Vicky Romano took the test one step further and actually recreated presentations she had done previously in PowerPoint. She found that Keynote's layout, slide thumbnails, and general navigation are easy and quick tools compared to PowerPoint. She added, "The Slide Inspector options for both Transition and Appearance are much more user friendly and straightforward than Microsoft PowerPoint. I feel the Keynote options are easy to follow and allow for easier customization of a presentation."
Wally Fuller particularly liked the improvements from the previous version of Keynote, including the ability to time transitions, the new animations in the Effects menu, and the added ability to jump to any slide in a presentation.
Ease of use and great templates and themes once more were hits with our reviewers. In addition, inserting media from iLife is "simple and powerful" according to Wally Fuller. Wally even suggested having his video class insert an iMovie into Keynote 2 for an upcoming open house -- just to take advantage of the self-playing option!
Sally Stevens liked the feature that allowed the user to animate a table, and she found transitions and animation creation to be varied and helpful. The ability to save a presentation as QuickTime movies, PowerPoint slides, or PDFs -- allowing students to save a presentation in a format readable on both PCs and Macs -- is "an amazing asset," according to Sue Volo and Sally Stevens.
Sue Volo found the hyperlink instructions confusing and, as in Pages, felt the Inspector could be confusing to some beginning users. Wally Fuller found a few conflicts when he attempted to open Keynote 2 presentations in PowerPoint, and he still preferred PowerPoint's animations, calling them "more advanced" than this program's offerings.
iWork in the Classroom
All the reviewers agreed that teachers could benefit from iWork when developing class materials. Vicky Romano noted that teachers rarely need to use complicated programs, but instead need "applications they can use with students, and to create items to communicate with families and with the community."
According to Sue Volo and Sally Stevens, students in grades 3-12 and those studying a variety of subjects, easily could learn and use iWork, especially if they were working with a teacher who understood the program and had created his or her own templates. The program, however, is not sophisticated enough to be included in graphic design classes, according Vicky Romano and Sally Stevens.IN CONCLUSION
All our reviewers agreed, with a little hesitation, that iWork is a worthwhile purchase for schools. Sue Volo suggested including a more comprehensive manual with education-specific examples. Wally Fuller recommended purchasing iWork for teachers who are not frequent users of Microsoft Word and PowerPoint and are looking for easy alternatives.Final Thoughts?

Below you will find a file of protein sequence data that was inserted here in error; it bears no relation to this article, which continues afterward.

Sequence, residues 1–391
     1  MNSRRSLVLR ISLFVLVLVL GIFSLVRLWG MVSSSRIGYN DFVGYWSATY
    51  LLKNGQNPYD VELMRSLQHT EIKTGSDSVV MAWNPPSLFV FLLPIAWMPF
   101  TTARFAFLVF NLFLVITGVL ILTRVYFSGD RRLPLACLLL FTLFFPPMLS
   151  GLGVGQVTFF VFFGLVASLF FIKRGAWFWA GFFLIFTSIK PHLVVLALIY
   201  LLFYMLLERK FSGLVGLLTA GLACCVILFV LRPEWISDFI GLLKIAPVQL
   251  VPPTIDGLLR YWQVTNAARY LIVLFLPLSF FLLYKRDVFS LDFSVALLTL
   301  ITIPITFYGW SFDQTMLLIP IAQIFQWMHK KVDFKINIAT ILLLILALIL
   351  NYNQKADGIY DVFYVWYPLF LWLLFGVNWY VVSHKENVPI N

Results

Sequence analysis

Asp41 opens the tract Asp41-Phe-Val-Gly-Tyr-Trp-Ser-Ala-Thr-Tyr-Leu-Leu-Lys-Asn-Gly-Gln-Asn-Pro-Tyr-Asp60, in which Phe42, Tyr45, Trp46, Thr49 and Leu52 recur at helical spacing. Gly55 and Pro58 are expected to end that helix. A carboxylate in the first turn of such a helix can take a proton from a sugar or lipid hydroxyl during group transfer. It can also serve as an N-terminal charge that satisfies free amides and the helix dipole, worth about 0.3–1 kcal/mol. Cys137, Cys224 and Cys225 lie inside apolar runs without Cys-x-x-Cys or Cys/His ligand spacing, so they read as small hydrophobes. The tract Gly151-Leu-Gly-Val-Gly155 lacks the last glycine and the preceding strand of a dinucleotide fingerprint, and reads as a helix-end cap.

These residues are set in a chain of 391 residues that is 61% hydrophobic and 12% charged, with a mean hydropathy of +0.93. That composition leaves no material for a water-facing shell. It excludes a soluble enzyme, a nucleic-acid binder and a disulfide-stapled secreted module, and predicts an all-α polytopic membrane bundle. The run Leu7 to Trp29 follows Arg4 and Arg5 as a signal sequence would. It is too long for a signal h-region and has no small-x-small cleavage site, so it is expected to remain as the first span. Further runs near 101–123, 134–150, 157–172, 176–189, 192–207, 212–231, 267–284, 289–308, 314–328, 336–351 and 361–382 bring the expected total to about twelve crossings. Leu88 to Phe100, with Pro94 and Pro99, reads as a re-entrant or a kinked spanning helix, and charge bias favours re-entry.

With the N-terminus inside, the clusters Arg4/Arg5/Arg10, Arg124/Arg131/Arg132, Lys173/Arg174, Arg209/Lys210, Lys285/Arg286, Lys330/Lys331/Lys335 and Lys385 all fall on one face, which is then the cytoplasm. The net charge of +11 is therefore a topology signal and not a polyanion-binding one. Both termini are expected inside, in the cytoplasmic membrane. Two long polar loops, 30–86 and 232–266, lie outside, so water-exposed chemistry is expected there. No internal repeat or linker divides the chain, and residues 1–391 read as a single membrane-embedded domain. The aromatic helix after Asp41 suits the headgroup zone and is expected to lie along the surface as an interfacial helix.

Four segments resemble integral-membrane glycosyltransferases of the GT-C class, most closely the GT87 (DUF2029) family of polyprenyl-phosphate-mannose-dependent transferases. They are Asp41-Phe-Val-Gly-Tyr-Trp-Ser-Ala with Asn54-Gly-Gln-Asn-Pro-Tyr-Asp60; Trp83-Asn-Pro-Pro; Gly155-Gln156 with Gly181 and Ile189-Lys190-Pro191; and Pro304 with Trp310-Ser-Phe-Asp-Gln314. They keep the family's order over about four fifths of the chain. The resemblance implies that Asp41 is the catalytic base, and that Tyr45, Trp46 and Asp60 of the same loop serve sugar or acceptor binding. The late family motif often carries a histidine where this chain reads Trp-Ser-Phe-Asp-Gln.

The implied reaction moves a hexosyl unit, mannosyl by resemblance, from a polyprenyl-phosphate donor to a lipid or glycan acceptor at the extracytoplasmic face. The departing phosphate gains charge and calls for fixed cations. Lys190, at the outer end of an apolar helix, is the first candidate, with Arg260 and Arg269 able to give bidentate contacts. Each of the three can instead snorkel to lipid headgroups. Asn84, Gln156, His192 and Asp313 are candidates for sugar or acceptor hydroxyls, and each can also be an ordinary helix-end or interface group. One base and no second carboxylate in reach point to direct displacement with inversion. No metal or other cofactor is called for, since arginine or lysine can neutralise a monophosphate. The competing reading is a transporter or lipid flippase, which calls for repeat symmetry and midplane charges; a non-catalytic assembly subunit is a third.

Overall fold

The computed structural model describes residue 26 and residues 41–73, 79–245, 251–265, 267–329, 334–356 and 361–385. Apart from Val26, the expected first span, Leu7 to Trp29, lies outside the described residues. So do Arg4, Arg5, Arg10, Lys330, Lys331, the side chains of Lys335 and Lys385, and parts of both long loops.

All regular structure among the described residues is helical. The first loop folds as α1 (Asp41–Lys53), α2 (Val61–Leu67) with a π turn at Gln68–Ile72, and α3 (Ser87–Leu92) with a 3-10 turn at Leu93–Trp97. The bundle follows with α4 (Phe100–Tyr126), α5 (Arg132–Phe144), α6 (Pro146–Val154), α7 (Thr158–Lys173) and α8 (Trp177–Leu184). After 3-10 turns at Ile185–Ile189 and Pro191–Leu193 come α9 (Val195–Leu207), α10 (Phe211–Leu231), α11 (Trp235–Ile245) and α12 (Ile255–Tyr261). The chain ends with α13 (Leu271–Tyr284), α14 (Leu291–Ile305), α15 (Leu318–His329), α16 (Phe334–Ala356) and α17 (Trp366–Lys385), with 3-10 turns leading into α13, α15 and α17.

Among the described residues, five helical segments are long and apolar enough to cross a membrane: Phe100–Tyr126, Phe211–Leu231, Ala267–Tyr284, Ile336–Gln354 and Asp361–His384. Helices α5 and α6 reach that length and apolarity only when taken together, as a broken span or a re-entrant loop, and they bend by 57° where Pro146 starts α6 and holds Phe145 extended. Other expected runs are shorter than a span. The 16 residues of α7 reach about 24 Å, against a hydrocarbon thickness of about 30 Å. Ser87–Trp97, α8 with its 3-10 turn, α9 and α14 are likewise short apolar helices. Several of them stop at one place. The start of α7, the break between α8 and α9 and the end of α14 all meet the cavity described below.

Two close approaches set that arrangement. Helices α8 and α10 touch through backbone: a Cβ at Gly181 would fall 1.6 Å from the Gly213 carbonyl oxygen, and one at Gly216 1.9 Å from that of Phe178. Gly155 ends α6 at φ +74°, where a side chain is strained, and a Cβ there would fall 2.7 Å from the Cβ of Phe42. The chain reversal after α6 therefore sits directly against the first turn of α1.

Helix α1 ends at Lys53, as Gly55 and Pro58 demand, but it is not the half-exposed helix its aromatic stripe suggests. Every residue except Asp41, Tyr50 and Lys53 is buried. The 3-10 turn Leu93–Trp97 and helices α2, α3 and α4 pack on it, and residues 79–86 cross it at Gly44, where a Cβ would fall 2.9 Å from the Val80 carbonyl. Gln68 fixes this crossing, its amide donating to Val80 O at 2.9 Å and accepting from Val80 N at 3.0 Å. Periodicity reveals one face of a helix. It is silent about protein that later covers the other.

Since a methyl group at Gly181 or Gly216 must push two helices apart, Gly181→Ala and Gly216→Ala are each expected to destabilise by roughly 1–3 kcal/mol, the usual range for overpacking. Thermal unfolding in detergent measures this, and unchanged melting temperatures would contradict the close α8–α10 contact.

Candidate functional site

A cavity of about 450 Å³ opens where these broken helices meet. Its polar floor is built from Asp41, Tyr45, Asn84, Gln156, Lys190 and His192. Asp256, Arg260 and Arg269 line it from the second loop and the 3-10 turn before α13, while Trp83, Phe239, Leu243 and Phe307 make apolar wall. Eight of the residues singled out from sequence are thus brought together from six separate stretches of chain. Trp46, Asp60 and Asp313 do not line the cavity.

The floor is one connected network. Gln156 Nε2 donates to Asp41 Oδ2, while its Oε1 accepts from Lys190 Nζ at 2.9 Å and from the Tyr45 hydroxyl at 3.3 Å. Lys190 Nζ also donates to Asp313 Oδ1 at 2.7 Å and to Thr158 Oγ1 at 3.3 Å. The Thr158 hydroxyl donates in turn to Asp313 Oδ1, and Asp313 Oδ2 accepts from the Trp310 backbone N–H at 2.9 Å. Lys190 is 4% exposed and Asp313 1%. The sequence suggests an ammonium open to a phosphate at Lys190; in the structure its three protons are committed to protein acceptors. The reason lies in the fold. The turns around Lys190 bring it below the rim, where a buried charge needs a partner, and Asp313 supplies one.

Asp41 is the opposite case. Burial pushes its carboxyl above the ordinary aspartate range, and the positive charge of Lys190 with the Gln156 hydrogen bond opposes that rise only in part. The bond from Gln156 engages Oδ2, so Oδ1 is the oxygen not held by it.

In general, iWork worked just as it should: Installation proved to be almost problem-free. The documentation made the learning curve a short one, with a few reviewers even noting that knowledge of Macs or even AppleWorks was not necessary to quickly learn and use the program. Both Wally Fuller and Sue Volo wished for more education support materials, however, and they were hopeful those would be added to Apple's support Web site soon.
AppleWorks, a productivity suite that contains word processing, drawing, painting, and spreadsheet programs, has long been used in K-12 classrooms, particularly in grades K-8. Apple calls iWork the "successor to AppleWorks," so Education World asked its reviewers if they agreed with that description. How the reviewers answered depended quite a bit on the ages of their students and on their current use of AppleWorks.
Sue Volo, who teaches K-8 computing, was concerned, saying, "As a teacher, I use the AppleWorks spreadsheet and database, and those two features are missing from iWork. It would be a tremendous loss for Apple to provide schools with software without those features. As a matter of fact, it would drive my school to purchase Microsoft Office. My students also use the draw and paint component for projects," Volo added. "Please don't take those features away!"
For Sally Stevens, who works with classroom computers district wide, however, the loss of those programs would not impact her classroom much. She noted that most teachers chose to use other company's paint/draw programs, and that AppleWorks' spreadsheet program was the only widely used piece in her district.
Wally Fuller admitted that for some elementary level classrooms, the omission of a drawing program could be a problem. As a middle school teacher, however, he found that working with charts and tables -- tasks he saw as vital in the middle school classroom -- was much easier in the new iWork applications than in AppleWorks. Plus, for teachers themselves, Wally argued, "professional development using iWork is definitely a giant step beyond AppleWorks."
Vicky Romano, a college instructor for preservice teachers, felt that the strengths of iWork outweighed any lost features. She pointed to the wide array of classroom publications that now could be produced efficiently by any K-12 teacher. She added that the Media feature would encourage the use of movies, sound, and photos in classroom teaching and learning materials, with the added benefit that "teachers and students will not only learn and improve such technology skills as keyboarding, presentation software, and so on, but also will build libraries of images, audio, and video for easy retrieval and easier sharing with families."
The Education World Tech Team includes more than 50 dedicated
and knowledgeable educational-technology professionals who have
volunteered to contribute to occasional articles that draw on
their varied expertise and experience. The following Tech Team
members contributed to this article:
Article by Lorrie Jackson
Copyright © 2005 Education World